R: Rolfe - Royal
Wrestling Heritage A-Z
know very little about Chick Rolfe despite his presence in British
rings for twenty plus years. We came across him for the first time in
1933, fighting Phil Siki. Billed from America, "The tough guy
from Bowery, New York," this may well have been promoters hype,
and the later billing of Birmingham (that's Birmingham, UK) was
probably more accurate. Although there are reports that Chick could
wrestle, there are more frequent reports of a more rugged character,
on one occasion tearing the referees trousers to shreds! In his
twenty year career Chick met most of the big names, Black Butcher
Johnson, Dave Armstrong and Vic Hessle.
Chick Rolfe (March, 1970s)
We have a second Chick Rolfe, this one from March in Cambridgeshire. His birth name was Michael Sharder and he worked frequently for Jack Taylor and Terry Goodrum in the 1960s and 1970s. Martin Campbell recalled him: "He hovered around light-heavy, so he could take on the Ghoul, which he did on many occasions as well as middleweights. Another good worker. Travelled, I think, around the south-east with others who never really made it, like Digger Summers and Hardy Lingus."
Great name for a wrestler!
It was one that suited too as Ron Moore was a 15 stone powerhouse who could move deftly around the ring.
Ron Moore from Heanor, a small town in Derbyshire. He was a well known character in the local community, mostly for his wrestling exploits. Ron was interested in many sports, particularly soccer and a keen health and strength supporter. It was at the Heanor Health and Strength Club he met a man who was to become a lifelong friend, wrestler and promoter Jack Taylor.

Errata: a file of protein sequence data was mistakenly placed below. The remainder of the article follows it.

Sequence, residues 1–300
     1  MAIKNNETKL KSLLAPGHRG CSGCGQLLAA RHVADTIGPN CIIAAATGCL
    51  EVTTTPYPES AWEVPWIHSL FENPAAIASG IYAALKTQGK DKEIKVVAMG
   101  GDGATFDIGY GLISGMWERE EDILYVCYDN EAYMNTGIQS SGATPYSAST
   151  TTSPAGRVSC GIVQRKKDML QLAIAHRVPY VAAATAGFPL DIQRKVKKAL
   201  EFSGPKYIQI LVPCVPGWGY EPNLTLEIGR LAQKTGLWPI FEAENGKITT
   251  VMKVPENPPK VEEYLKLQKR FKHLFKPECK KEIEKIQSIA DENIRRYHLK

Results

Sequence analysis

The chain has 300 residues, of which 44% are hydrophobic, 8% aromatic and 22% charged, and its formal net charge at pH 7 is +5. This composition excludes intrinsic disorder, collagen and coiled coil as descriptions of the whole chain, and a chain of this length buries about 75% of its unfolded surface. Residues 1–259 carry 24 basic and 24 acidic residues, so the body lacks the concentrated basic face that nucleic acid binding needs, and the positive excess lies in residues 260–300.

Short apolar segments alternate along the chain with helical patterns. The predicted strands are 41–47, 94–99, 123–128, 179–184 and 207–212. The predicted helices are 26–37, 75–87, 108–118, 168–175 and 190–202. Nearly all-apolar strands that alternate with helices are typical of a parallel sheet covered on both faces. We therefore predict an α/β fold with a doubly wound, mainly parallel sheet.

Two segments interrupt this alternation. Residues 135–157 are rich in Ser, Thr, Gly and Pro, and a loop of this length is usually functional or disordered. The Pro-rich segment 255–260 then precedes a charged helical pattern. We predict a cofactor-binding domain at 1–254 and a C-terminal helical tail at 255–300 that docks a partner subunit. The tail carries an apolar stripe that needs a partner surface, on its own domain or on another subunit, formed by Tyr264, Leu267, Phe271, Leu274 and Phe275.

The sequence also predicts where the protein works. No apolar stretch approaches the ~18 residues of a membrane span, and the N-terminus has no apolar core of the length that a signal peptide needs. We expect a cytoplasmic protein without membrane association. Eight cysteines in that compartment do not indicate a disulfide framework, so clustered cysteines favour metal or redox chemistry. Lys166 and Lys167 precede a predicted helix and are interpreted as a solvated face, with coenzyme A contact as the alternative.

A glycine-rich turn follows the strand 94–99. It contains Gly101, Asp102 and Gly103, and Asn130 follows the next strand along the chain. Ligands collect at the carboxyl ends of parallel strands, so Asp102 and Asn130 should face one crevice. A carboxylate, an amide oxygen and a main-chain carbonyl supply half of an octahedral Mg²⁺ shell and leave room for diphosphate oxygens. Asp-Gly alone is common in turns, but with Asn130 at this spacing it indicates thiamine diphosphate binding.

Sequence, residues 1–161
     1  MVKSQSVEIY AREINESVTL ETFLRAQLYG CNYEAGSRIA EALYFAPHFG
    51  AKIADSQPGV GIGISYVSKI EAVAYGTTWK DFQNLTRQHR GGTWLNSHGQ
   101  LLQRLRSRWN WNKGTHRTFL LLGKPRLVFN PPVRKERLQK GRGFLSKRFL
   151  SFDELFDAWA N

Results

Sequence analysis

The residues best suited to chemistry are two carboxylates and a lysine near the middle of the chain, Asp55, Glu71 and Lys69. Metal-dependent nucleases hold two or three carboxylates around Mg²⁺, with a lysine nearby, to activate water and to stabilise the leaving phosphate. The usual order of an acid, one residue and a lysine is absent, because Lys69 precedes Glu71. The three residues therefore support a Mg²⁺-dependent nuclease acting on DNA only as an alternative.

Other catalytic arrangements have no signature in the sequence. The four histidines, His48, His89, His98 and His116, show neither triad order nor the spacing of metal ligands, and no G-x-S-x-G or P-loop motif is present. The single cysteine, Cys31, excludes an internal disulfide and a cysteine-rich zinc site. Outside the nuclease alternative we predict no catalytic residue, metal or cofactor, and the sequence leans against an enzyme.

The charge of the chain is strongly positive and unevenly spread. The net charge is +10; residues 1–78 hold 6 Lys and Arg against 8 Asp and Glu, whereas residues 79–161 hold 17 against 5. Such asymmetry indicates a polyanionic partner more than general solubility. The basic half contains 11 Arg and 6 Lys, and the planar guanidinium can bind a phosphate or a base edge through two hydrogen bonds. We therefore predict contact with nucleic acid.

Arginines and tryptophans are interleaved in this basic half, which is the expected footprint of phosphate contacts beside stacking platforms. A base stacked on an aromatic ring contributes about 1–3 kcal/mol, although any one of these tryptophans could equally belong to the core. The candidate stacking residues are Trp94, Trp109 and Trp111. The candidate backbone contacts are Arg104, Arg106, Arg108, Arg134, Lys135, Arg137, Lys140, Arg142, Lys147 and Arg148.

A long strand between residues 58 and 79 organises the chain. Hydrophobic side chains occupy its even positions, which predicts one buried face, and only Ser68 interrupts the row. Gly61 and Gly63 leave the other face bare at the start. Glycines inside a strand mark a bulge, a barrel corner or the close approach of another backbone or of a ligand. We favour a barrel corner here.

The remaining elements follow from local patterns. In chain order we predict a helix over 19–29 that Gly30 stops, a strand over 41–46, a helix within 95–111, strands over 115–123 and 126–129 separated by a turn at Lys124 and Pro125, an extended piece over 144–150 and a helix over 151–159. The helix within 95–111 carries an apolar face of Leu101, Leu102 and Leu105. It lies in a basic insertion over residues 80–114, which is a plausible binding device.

Born in 1924 Ron was called up during the Second World War, and it is to here his wrestling credentials can be traced. Ron was stationed in Malaya and it was here that he took up wrestling. There was an active wrestling scene of servicemen in Malaya and Singapore. One of the other professionals was in need of a training partner and asked Ron to help him out. Needless to say Ron was the one that learnt the most and is believed to have had his public contest in the Army Championships at the Happy World Stadium in Singapore.
Ron began wrestling professionally, mostly close to his Derbyshire home, on his return to Britain. Some of Ron’s earliest matches in the early 1950s saw him billed as Ron Moore from Singapore. Ron led the wrestling training sessions at Heanor Football Ground. He taught both amateur and professional styles and counted Vince Apollo, Al Tarzo and Roy LaRus among his trainees.
Ron Moore of Singapore soon became Ronto the Bull, though there was never any secrecy about his identity. He worked only for the independent promoters, usually in the midlands for well over a decade, opponents including Harry Yardley, Karl Von Kramer, Leo Demetral and Ike Williams. He wasn’t just a trainer and wrestler Ron was also promoter at Heanor Town Hall, refereeing and wrestling on the shows. A generous man Ron was well known in the community for his charitable acts, and organised wrestling shows in aid of Heanor Round Table and Langley Mill, Aldercar and Stoneyford aged Persons Tea and Entertainments Committee.
From around 1960 Ron began to cut back on his wrestling commitments, though he did appear until as late as 1964. He was employed as a grounds-man at the Heanor Town Ground and drove buses for the Midland General Omnibus Company.
Ron Moore died on 19th November, 1964, aged 40.
25/04/2021: Chick Rolfe (March), John Romeiro and Paul Rose added